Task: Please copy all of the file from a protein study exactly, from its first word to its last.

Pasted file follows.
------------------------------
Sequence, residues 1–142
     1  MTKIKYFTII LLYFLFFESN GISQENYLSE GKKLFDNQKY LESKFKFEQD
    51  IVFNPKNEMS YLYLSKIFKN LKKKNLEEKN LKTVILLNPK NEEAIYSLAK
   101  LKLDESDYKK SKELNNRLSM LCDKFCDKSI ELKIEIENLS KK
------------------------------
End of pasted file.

Sequence, residues 1–142
     1  MTKIKYFTII LLYFLFFESN GISQENYLSE GKKLFDNQKY LESKFKFEQD
    51  IVFNPKNEMS YLYLSKIFKN LKKKNLEEKN LKTVILLNPK NEEAIYSLAK
   101  LKLDESDYKK SKELNNRLSM LCDKFCDKSI ELKIEIENLS KK